1. U.S. Department of Agriculture and U.S. Department of Health and Human Services. Dietary Guidelines for Americans, 2020-2025. 9th Edition. December 2020. Available at DietaryGuidelines.gov.
    2. Franck C, Grandi SM, Eisenberg MJ. Agricultural subsidies and the American obesity epidemic. Am J Prev Med. 2013;45(3):327-333. doi:10.1016/j.amepre.2013.04.010
    3. Lane MM, Davis JA, Beattie S, et al. Ultraprocessed food and chronic non-communicable diseases: A systematic review and meta-analysis of 43 observational studies [published online ahead of print, 2020 Nov 9]. Obes Rev. 2020;10.1111/obr.13146. doi:10.1111/obr.13146
    4. Molika Chea, Amy R Mobley, Factors Associated with Identification and Consumption of Whole-Grain Foods in a Low-Income Population, Current Developments in Nutrition, Volume 3, Issue 7, July 2019, nzz064, https://doi.org/10.1093/cdn/nzz064
    5. Atwood, Donald, and Paisley-Jones, Claire. “Pesticides Industry Sales and Usage: 2008-2012 Market Estimates.” Environmental Protection Agency, 2017. Retrieved May 29, 2019, from https://www.epa.gov/sites/production/files/2017-01/documents/pesticides-industry-sales-usage-2016_0.pdf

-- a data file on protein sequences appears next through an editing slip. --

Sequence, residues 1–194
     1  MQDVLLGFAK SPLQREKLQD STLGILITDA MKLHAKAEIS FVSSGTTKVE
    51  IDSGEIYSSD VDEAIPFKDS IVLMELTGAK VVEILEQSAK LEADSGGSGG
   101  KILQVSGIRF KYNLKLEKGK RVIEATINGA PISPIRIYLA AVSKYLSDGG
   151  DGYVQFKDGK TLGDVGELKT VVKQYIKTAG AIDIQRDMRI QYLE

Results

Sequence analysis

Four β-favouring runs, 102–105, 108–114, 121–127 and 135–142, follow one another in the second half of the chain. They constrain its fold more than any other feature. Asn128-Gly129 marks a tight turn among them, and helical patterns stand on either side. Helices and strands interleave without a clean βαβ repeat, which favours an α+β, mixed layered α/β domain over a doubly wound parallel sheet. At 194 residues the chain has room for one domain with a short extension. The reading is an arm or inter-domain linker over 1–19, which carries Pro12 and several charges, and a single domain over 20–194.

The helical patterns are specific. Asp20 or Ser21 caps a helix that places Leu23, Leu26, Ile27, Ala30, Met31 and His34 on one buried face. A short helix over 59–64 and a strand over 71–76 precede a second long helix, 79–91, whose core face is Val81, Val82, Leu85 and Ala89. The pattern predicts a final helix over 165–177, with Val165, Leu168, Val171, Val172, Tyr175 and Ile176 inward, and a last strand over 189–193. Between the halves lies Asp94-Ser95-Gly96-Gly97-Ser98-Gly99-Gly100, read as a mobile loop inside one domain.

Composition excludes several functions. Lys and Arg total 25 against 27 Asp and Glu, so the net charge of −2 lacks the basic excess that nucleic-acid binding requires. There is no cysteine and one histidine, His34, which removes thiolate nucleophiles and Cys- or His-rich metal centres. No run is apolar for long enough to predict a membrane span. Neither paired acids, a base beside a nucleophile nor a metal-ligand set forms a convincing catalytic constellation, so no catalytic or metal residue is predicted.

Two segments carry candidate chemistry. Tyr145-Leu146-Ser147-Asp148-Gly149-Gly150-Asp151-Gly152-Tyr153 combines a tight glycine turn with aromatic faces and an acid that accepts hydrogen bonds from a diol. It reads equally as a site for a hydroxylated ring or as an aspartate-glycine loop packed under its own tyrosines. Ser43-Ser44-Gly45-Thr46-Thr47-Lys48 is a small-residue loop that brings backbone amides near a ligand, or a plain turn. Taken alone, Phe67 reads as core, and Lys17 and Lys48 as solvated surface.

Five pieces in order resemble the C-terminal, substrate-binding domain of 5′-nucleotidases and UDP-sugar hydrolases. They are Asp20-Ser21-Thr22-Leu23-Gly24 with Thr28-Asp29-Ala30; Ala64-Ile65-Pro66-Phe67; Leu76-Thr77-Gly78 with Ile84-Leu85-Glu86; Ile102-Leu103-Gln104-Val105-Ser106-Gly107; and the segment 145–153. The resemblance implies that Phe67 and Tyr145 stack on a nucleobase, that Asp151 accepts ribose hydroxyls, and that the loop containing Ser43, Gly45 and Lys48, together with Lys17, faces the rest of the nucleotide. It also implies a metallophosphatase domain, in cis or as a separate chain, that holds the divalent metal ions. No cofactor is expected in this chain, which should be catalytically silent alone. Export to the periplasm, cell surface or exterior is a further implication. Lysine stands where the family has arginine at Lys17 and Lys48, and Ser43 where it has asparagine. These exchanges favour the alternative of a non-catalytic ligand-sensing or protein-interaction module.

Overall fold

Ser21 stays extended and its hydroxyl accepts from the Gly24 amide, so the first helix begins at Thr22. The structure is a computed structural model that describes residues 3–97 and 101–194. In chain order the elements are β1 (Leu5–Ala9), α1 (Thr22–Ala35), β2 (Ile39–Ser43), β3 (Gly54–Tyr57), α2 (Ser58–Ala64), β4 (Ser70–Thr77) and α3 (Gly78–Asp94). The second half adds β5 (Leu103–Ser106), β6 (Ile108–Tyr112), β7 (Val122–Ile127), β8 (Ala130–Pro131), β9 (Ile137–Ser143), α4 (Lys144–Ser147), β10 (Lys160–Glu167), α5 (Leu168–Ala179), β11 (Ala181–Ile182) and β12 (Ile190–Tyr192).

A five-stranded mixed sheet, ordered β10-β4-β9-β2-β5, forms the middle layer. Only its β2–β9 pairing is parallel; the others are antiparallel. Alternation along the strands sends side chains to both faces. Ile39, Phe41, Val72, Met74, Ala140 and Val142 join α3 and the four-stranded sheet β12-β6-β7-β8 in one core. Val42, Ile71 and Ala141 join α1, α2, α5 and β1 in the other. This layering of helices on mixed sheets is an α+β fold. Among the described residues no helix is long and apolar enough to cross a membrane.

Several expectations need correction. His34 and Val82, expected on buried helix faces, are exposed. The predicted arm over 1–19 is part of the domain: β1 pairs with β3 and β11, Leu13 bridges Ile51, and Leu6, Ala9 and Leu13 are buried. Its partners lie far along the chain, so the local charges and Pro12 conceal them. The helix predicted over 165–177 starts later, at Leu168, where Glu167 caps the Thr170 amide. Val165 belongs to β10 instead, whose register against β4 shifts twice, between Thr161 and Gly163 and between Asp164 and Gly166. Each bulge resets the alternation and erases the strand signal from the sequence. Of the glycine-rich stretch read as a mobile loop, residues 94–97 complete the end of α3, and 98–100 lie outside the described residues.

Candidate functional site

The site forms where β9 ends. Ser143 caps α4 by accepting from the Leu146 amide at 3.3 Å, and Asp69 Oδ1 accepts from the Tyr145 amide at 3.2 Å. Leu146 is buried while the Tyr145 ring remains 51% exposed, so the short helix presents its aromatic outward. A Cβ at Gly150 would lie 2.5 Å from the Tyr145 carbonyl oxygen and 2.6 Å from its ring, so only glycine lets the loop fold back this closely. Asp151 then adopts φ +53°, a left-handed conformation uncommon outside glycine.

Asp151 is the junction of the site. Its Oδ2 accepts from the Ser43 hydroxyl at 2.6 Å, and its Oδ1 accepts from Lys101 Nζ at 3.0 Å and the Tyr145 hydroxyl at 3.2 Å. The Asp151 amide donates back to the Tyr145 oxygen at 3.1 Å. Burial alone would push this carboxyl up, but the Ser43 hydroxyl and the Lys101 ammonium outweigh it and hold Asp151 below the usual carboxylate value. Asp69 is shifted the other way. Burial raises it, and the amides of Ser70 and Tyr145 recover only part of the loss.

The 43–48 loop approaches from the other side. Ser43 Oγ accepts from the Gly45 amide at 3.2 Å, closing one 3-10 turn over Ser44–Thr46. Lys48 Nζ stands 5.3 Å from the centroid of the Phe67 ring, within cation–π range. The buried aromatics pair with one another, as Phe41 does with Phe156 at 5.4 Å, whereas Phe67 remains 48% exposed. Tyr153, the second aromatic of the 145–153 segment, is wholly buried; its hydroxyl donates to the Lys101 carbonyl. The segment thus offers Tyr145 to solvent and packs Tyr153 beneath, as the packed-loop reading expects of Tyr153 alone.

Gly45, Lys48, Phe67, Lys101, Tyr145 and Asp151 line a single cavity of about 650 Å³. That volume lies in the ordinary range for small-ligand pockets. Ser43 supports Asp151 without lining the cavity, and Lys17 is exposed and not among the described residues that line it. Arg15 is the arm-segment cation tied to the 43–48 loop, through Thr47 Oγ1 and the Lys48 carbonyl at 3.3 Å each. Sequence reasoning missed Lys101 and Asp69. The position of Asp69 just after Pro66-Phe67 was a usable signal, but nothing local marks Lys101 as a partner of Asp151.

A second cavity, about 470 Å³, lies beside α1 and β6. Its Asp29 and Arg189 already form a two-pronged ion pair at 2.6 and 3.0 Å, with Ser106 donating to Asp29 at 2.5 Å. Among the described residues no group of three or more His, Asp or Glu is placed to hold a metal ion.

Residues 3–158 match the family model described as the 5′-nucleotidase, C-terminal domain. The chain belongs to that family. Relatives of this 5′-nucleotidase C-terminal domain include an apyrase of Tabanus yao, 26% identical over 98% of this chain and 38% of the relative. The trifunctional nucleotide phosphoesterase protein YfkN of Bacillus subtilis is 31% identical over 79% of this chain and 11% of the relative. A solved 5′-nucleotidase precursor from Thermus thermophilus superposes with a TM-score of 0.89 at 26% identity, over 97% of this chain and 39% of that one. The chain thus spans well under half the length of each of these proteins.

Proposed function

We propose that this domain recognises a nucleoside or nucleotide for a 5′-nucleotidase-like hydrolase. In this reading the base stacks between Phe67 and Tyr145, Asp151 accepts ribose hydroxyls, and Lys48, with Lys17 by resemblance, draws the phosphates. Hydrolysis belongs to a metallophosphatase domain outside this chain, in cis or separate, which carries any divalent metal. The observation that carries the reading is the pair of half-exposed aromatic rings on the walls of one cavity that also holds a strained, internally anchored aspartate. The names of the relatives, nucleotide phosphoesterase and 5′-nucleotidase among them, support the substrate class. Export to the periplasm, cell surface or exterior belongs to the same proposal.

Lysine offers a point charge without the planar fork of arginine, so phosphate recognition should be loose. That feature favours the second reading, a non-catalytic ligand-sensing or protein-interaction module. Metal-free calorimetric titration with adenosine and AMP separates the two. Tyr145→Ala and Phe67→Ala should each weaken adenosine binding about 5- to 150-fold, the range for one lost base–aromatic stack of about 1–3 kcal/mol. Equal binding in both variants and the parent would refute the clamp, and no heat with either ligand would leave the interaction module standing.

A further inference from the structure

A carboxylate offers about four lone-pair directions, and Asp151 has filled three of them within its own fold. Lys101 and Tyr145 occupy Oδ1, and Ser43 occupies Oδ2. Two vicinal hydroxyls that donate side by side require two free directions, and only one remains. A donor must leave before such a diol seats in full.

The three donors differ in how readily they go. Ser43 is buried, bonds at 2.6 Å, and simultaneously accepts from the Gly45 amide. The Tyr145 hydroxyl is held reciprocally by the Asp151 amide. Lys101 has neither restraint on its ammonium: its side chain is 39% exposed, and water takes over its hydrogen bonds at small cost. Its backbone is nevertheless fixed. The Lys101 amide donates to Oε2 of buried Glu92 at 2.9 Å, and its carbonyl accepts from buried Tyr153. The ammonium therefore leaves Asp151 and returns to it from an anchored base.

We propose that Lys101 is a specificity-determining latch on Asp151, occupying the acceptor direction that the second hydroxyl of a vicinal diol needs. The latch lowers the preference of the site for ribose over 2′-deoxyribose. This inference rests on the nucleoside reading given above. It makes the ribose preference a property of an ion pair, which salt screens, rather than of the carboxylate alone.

6. https://www.who.int/foodsafety/faq/en/
    7. https://www.fda.gov/food/pesticides/questions-and-answers-glyphosate#:~:text=Has%20the%20EPA%20established%20tolerances,from%200.1%20to%20310%20ppm.
    8. https://oehha.ca.gov/media/dockets/8594/10069-dave_murphy_food_democracy_now/fdn_glyphosate_foodtesting_report_p2016_002a_0.pdf
    1. https://www.ewg.org/childrenshealth/glyphosateincereal/#.W3Q-B9hKjEY
    2. https://www.fs.usda.gov/nfs/11558/www/nepa/102900_FSPLT3_4047514.pdf